In his authoritative letter on the question of the ordination of women, the Pope gave a clear and binding decision that to countenance such a proposal was beyond the Church's competence; that the decision in question was binding on all Catholics; and that the finality of the decision precluded further public discussion.

Certain key bodies made it clear beyond doubt that they did not accept the decision, intended to campaign against it, and to challenge the authority of the decision itself. That is what all the various declarations meant, even if couched in the more guarded language of a right to continue to discuss a principle clearly settled by the Pope.

The statements referred to include:

  • The letter of the National Executive of the Association of Major Religious Superiors, dated June 3, 1994, which clearly implied that its members spoke for the 12,000 religious and the 170 religious houses which they allegedly represented.
  • The press release of the Australian Catholic Theological Association, which claimed to represent 100 members, many of them teaching in seminaries, institutes and universities.
  • The press release of the Australian Catholic Biblical Association, whose numerical membership is uncertain.

What is now a general rebellion of the entire educational leadership of the Catholic Church in this country cannot be simply brushed aside as a mere incident. As far as can be ascertained, nothing like this has happened in the U.S. and Britain, however bad the situation in these countries may be.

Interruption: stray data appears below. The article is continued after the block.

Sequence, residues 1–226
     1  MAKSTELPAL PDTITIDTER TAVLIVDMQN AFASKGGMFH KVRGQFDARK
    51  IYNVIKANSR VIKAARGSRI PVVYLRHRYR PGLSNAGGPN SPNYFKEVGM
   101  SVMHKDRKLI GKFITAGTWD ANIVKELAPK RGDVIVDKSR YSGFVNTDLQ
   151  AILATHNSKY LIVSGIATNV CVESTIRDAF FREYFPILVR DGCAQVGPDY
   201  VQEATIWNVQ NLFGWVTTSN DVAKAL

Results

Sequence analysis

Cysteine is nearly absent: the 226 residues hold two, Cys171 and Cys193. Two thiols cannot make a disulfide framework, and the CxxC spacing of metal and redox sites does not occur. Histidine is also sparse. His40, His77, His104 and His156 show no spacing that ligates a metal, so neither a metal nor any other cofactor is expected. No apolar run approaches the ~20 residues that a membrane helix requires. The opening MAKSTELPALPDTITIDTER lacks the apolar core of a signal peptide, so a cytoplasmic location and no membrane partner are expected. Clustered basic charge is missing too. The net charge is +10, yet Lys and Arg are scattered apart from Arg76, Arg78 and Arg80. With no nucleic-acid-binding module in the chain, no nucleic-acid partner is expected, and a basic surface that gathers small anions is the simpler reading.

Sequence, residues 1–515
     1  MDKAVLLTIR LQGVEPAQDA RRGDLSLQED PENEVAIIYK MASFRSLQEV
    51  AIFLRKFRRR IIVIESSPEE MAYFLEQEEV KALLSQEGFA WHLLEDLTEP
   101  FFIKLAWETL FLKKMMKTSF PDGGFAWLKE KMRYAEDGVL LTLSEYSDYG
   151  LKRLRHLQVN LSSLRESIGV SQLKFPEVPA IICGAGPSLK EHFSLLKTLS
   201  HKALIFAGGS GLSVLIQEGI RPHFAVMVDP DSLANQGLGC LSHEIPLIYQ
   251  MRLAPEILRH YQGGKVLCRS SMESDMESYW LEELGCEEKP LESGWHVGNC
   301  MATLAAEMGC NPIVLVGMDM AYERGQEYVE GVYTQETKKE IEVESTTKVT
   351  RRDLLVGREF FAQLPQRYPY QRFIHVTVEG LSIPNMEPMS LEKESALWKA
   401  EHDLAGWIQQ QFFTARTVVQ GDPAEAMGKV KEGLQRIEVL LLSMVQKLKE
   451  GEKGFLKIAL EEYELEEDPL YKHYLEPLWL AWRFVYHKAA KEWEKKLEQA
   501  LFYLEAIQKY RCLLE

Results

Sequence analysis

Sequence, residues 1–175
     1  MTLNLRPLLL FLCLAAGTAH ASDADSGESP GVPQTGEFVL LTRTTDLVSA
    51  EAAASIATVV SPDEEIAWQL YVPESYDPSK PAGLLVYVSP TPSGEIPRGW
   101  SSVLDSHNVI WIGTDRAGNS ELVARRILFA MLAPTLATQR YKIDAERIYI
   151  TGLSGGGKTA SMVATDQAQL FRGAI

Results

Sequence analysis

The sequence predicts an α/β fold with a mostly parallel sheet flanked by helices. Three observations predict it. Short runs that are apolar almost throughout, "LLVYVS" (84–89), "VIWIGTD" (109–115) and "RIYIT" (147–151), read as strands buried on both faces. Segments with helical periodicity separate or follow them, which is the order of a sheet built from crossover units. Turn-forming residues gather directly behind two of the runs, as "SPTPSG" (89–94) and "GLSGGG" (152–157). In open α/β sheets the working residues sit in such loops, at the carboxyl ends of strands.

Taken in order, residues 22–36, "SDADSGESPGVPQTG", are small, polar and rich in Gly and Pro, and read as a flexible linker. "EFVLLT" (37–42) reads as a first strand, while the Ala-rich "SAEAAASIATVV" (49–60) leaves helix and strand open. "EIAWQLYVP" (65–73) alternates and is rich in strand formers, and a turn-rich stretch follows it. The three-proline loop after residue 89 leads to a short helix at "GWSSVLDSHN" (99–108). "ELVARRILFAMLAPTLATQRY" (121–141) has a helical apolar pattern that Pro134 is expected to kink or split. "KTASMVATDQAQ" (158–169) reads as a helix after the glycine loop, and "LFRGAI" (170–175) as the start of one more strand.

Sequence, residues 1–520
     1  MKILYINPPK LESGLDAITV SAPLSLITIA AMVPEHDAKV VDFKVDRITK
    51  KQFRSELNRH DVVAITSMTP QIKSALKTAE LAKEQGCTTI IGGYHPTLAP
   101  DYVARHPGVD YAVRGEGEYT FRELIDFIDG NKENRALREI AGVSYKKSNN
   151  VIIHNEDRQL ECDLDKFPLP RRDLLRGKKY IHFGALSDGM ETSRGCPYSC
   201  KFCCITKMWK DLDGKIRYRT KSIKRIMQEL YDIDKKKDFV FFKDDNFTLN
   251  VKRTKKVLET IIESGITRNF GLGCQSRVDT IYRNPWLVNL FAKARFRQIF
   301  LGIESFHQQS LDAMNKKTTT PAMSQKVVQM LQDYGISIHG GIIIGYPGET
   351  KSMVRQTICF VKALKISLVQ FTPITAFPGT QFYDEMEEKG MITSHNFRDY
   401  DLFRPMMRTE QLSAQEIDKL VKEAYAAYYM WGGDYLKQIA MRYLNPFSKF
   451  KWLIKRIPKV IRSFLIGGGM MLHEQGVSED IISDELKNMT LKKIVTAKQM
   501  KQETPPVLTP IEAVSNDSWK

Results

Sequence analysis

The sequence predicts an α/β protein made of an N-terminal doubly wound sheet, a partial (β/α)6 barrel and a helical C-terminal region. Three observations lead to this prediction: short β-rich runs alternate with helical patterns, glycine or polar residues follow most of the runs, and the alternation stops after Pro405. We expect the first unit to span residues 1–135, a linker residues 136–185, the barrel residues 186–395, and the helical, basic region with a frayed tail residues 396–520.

The resultant situation in this country is thus unique.

The statements claim to have the adherence of the 12,000 remaining members of the various orders. They obviously represent the majority opinion of the various Catholic Education Offices, which are responsible for the religious instruction of young Catholics They must be presumed to represent the opinions of most theologians and biblical scholars who instruct students for the priesthood and the religious life, as well as future religion teachers in the schools.

Practical question

It is what they teach, not what the Church or the Pope teach, which is actually what is offered as the Catholic faith to the majority of Australian Catholics.

Since their members have proceeded from individual "dissent" to a general corporate rebellion against the Pope, the practical question is "What is going to be done about it?"

Past history indicates that the likely answer is "Nothing."

A considerable proportion of the Catholics who still regularly attend Mass - whether a majority or a minority can only be guessed at - are disgusted at the situation in which they find themselves. They have come to the conclusion that they have no ground left on which to stand. Even if one discounts their other services, they keep the Church going with their financial contributions. The money they subscribe is, as often as not, eaten up by clerics, academics and others, disloyal to the Church's teachings. They should not give a penny to the orders or institutes involved in attacks on the Pope.

Has the organisational structure established by the Catholic Church in Australia to transmit the deposit of faith become too powerful for today's bishops to challenge, much less dismantle?

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Reprinted from AD2000 Vol 7 No 7 (August 1994), p. 2